Why let the job get in the way of a round of golf - especially one that raises money for your political party.
House Republicans aren't, at least not next week.
The GOP-controlled House of Representatives is scheduled to return to the Capitol Tuesday and Wednesday to vote on bills (though no one is quite sure yet which ones) and hopefully come closer to breaking the impasse with Gov. Wolf over a new state budget.
Many current Pennsylvania lawmakers were not in office in July 2005, but that's not stopping one good government activist from calling for a "political enema" for a decision made a decade ago today.
Tuesday marked the 10th anniversary of the Capitol's infamous payraise, when lawmakers voted in the middle of the night to boost their own salaries. It was a galvanizing moment for elected officials - some would say for Pennsylvania politics - as public support for the legislature plummeted and voters subsequently took their anger to the polls to kick many legislators out of office.
Eric Epstein, co-founder of the reform group Rock the Capitol, was one of the key organizers of the public campaign that eventually led the legislature to rescind the raise. He has compiled an annual report on the payraise's effect every year since then, and on Tuesday noted that many of the payraise's recipients remain in office.
The Republican senator who once threatened to use a baseball bat on his colleagues and compared union leaders to Hitler didn’t hold back Monday from slamming Gov. Wolf’s budget agenda.
“I know that I, as well as the rest of my colleagues, really want to give Gov. Wolf the benefit of the doubt. But I can tell you so far it’s not looking good,” Sen. Scott Wagner (R., York) said during a speech at the monthly press club luncheon in Harrisburg.
Although he called Gov. Wolf a “nice guy,” Wagner said the governor is just pushing the “tired” democratic agenda of “higher taxes, higher spending, and bigger government.”
In politics, they say, perception is everything.
That adage may have momentarily been lost on Republican House Speaker Mike Turzai when he held a press conference last week to highlight how much money Pennsylvania has raised in the last year through its impact fee on natural gas drillers.
It could have been a feel-good moment for Gov. Wolf's embattled nominee to head the Pennsylvania State Police - and at a time when he could really use one.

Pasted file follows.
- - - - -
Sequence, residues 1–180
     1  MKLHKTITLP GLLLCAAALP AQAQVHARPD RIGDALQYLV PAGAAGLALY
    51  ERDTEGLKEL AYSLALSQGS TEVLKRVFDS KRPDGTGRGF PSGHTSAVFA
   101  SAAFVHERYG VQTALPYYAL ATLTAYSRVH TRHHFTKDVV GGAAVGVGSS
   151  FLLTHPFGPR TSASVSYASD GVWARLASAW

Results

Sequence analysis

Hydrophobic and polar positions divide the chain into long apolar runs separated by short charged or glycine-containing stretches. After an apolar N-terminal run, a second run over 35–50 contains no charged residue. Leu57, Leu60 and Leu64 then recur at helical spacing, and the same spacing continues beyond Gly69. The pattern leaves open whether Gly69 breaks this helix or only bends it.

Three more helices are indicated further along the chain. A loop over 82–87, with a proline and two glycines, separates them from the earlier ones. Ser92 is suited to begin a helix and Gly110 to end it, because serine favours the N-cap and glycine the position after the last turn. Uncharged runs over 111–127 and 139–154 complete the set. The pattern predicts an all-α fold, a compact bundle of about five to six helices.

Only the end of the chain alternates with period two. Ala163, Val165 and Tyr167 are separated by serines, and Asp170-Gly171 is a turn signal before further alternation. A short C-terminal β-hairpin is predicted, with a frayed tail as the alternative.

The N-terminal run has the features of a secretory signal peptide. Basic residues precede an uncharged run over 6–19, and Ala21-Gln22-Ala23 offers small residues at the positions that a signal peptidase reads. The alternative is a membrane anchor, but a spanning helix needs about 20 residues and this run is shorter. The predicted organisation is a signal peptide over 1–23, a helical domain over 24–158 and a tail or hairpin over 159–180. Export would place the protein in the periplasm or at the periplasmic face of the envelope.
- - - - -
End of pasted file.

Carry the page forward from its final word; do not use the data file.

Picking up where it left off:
Acting State Police Commissioner Marcus Brown is facing a confirmation vote by a Senate committee tomorrow, and whether its members give him the green light or not is a toss-up. A good chunk of the controversy surrounding Brown has been generated by his decision to wear the State Police uniform, despite the fact that he didn't go through the agency's academy training.
Gov. Wolf has appointed a top aide's former law partner to an influential position on the Delaware River Joint Toll Bridge commission.
Wadud Ahmad, a partner in the Philadelphia-based law firm of Ahmad Zaffarese, was tapped last week by Wolf to sit on the commission, which has since made him its vice-chair. The commission oversees 20 bridges over the Delaware River linking Pennsylvania and New Jersey (7 toll bridges and 13 toll-supported bridges), a $54 million operating budget, as well as millions of dollars in construction, architectural, legal and bond work, among other contracts.
Gov. Wolf's chief of staff thinks legislators are trying to a pull a fast one by limiting pension benefits for everyone but themselves.
Katie McGinty was not shy about making that point when she spoke at the monthly press club luncheon in Harrisburg Monday.
Pennsylvania Attorney General Kathleen G. Kane has given her new chief of staff authority over personnel decisions, according to documents, effectively giving him jurisdiction over the two women who reported he made unwanted sexual advances toward them.
In an e-mail last week, Jonathan Duecker, who Kane promoted to the high-profile post last month, informed colleagues that he will now oversee hiring (and, presumably, firing) decisions, yanking that responsibility away from Kane's first deputy, Bruce Beemer.